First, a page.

How about 182 days a year?
I'm sure there is a fair number that works for both sides. Keep in mind, ticket prices always go up ... not down.

I suppose the city could still impose an entertainment ticket tax to recoup some of the funds used to pay off the facility.

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10-17-2012, 01:47 PM
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Originally Posted by Gone View Post
Other than pushing these issues down the road, I only see two paths to solve the debt issues:

1) Austerity - which would stagnate world economies for years to come. What is the result to Canada in this circumstance? On a relative basis, we should come out OK, primarily because of resource revenues (Oil and Gas, Food, minerals etc.).

2) Inflation - if the Euro's and US use inflation as the tool to pay down debt, the Canadian economoy will absolutely boom, the dollar will sky rocket and our resouces will be in even greater demand than today.

Either way the future for Canada is either OK or very OK. We are luckily in one of those jurisdictions that will neither be too hot, nor too cold.

My guess.
I am in the minority, but, my view is pretty straight forward. The political system has incorporated many, (well lets say Keynesian ideas) that the gov needs to stimulate the economy. This may at different times work, but when the business world sees a indebted government spending money it doesn't really have. The business world gets worried. I really think Austerity will lead to immediate growth. However, it is politically sensitive. IF the US and EU could push for Austerity measures we would be fine. It is battling through the political process.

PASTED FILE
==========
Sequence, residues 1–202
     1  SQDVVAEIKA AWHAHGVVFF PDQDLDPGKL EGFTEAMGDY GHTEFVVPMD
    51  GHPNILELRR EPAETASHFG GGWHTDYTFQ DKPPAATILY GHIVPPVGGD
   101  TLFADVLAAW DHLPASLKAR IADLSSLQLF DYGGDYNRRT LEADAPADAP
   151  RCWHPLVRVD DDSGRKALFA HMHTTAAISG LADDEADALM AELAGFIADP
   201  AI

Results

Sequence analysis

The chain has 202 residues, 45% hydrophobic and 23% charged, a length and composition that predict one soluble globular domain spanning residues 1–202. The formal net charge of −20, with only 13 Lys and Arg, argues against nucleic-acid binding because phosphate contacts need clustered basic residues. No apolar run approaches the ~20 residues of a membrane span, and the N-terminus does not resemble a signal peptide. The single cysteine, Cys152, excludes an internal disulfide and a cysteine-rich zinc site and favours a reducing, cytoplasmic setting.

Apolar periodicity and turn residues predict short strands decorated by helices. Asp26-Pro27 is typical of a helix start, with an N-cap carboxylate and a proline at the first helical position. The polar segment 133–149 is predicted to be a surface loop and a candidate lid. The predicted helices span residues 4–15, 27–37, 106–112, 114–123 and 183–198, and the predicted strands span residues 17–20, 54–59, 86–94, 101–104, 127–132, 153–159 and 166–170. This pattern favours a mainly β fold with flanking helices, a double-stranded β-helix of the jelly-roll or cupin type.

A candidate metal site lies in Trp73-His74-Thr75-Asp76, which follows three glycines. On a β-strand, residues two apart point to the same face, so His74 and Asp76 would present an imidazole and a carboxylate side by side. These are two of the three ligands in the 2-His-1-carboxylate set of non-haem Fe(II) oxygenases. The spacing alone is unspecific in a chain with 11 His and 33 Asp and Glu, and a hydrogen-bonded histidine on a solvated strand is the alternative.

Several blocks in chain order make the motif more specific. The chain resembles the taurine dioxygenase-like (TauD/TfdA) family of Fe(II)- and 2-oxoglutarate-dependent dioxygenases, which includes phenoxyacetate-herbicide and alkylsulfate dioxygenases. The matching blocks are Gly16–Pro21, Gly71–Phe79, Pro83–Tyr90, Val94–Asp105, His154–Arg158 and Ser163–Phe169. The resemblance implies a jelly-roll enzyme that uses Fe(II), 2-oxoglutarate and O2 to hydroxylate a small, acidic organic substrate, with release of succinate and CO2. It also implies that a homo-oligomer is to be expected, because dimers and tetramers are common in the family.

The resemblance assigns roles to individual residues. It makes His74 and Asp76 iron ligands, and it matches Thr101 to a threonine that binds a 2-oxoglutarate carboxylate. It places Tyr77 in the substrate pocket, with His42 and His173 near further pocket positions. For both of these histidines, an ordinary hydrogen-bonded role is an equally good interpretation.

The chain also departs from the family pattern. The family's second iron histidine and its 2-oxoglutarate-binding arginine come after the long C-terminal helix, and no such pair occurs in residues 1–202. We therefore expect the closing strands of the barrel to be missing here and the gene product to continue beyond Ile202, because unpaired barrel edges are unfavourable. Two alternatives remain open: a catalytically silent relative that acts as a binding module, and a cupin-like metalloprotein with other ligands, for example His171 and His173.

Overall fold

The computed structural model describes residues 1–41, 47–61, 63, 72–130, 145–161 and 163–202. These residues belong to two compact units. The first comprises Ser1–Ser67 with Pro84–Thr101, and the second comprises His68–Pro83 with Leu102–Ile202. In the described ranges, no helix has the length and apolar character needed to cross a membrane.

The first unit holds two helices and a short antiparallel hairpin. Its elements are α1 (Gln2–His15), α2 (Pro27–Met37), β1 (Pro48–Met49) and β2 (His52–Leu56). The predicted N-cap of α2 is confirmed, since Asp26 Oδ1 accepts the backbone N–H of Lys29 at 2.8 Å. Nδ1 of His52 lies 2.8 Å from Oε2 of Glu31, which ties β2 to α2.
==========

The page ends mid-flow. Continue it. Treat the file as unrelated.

I could be wrong, but I don't even see government cut backs as slowing the economy even in the short term. Of course it will hurt many. I am not ignorant of that reality.
Also, I think you make good points, but point two will never happen. The US fed will not repay debt with inflation. I could go on for a long time about this point. Lets just say it never has and it never will. That being said its inflation rate will be higher than Canada's no doubt for some time to come, but by like half a percent or something.


Any way, back to Hockey. I think as you say, Canada will be ok to very ok.

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10-17-2012, 01:49 PM
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Originally Posted by victor View Post
The point I'm trying to make is the challenge with projecting a business deal over 35 years, which is the length of the proposed deal.